At the beginning of the decades of the 1960s, computers were the devices that engineers operated. By the end of the 1960s, these devices became both more powerful and easier for the non-engineer to operate. At the beginning of the decade, telecommunications meant the telephones connected to AT&T, but by the end of the decade the first IMP (Internet Message Processor) had been delivered to UCLA, SRI, and the UC Santa Barbara campuses to test out the primitive ARPAnet that became the Internet two decades later. At the beginning of the decade found medical monitoring done with a stethoscope by a doctor, but by the end of the decade we had remote monitoring capability that allowed Mission Control to monitor the vital signs for astronauts in space. And, at the beginning of the decade computer-controlled systems required direct, hand-on manipulation while at the end of the decade new instructions could be sent the space vehicles hundreds of miles away. This was real progress brought about by the space program under NASA’s oversight.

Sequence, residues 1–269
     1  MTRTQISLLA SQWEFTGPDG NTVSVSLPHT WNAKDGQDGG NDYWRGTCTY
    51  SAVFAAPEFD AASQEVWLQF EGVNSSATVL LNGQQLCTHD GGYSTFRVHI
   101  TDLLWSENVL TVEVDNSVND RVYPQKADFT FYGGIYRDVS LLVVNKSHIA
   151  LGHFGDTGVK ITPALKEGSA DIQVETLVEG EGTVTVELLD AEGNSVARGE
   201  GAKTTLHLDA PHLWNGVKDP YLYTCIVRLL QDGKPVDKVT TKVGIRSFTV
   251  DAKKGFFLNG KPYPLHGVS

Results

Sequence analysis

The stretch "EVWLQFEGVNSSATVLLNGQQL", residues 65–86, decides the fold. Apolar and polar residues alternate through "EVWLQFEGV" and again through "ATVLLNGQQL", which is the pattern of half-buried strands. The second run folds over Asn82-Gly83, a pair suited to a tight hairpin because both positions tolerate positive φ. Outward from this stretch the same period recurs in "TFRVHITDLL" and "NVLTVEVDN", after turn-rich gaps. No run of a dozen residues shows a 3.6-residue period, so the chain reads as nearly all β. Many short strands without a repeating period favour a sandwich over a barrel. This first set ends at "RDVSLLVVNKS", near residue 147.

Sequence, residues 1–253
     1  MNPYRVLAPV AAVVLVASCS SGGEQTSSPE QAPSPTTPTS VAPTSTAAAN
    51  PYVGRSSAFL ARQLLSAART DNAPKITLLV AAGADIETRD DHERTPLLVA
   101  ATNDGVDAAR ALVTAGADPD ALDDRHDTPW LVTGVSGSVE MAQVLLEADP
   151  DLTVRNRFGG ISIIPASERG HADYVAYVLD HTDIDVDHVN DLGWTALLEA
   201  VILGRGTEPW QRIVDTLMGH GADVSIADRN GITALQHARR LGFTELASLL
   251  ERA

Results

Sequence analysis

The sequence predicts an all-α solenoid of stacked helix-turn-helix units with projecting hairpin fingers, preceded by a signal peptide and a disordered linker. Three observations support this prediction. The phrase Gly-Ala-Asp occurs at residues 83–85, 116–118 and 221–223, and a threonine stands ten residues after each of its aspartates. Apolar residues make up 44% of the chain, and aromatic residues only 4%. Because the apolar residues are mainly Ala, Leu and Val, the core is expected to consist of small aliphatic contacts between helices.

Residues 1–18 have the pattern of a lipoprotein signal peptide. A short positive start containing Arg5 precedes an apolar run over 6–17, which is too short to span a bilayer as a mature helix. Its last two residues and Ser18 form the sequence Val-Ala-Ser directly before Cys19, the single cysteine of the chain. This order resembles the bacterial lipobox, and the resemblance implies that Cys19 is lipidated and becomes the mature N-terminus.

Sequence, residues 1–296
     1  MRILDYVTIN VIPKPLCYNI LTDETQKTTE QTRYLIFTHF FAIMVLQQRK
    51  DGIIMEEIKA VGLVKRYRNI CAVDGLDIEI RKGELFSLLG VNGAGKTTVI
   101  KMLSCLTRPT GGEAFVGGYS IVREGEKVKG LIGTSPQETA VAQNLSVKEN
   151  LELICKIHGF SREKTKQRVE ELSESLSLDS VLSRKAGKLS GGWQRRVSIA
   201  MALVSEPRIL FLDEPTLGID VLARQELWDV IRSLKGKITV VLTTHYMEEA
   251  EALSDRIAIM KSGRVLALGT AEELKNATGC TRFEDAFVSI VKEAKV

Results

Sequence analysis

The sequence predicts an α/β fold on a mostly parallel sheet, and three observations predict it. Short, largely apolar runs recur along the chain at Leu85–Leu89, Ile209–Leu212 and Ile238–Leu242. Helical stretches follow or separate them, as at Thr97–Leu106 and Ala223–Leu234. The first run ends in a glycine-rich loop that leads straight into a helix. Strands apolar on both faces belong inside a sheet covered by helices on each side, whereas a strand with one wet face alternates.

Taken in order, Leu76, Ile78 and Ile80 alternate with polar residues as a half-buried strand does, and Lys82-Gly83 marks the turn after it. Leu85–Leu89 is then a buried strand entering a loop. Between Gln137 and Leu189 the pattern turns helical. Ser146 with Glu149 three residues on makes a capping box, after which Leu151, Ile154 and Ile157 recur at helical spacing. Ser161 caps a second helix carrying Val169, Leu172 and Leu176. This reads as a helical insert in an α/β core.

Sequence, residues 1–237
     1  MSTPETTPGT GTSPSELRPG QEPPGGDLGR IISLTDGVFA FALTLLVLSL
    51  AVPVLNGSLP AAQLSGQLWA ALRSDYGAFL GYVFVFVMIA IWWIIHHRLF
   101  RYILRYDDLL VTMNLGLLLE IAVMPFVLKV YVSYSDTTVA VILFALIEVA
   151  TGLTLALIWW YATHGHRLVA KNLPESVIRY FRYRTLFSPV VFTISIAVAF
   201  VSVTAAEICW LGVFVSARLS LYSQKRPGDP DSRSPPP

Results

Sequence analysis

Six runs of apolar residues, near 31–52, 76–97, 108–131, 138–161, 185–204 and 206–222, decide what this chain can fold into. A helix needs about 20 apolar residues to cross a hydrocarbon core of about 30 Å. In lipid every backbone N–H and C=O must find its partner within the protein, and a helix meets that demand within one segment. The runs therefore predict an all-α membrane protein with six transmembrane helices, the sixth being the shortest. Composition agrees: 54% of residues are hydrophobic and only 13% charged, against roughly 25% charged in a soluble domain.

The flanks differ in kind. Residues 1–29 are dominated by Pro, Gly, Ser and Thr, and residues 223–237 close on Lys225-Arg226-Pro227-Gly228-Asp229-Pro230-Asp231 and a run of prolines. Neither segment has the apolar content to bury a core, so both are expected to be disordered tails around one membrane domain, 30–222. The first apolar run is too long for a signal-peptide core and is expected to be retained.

Yes, on that terrible day in January of 1967 we lost three well-trained, good men in that capsule fire aboard the Apollo I module. But our space program was fortunate that these were the only deaths that we experienced during a decade of monumental progress. We don’t know how many, if any, Soviet cosmonauts were lost during their space program development; the Soviet’s maintained a closed society where any such losses were probably hidden to outsiders. We paid a small price for our successful landing on the moon.

But now its time to start our exploration of the Apollo 1 Program... GLB

These Introductory Comments are copyrighted:
Copyright©2012 — Gerald Boerner — All Rights Reserved

[ 2975 Words ]
    

    

Quotations Related to Apollo:

[ http://www.brainyquote.com/quotes/keywords/apollo.html ]

    

“He who commands an Apollo flight will not command a second one.”
— Wally Schirra

“At this point in my career, Apollo 13 is a million light years away.”
— Kathleen Quinlan

“Kennedy had made a mess in Cuba at the Bay of Pigs. He had to do something to look good. The Apollo program of going to the Moon was quite a goal.”
— Wally Schirra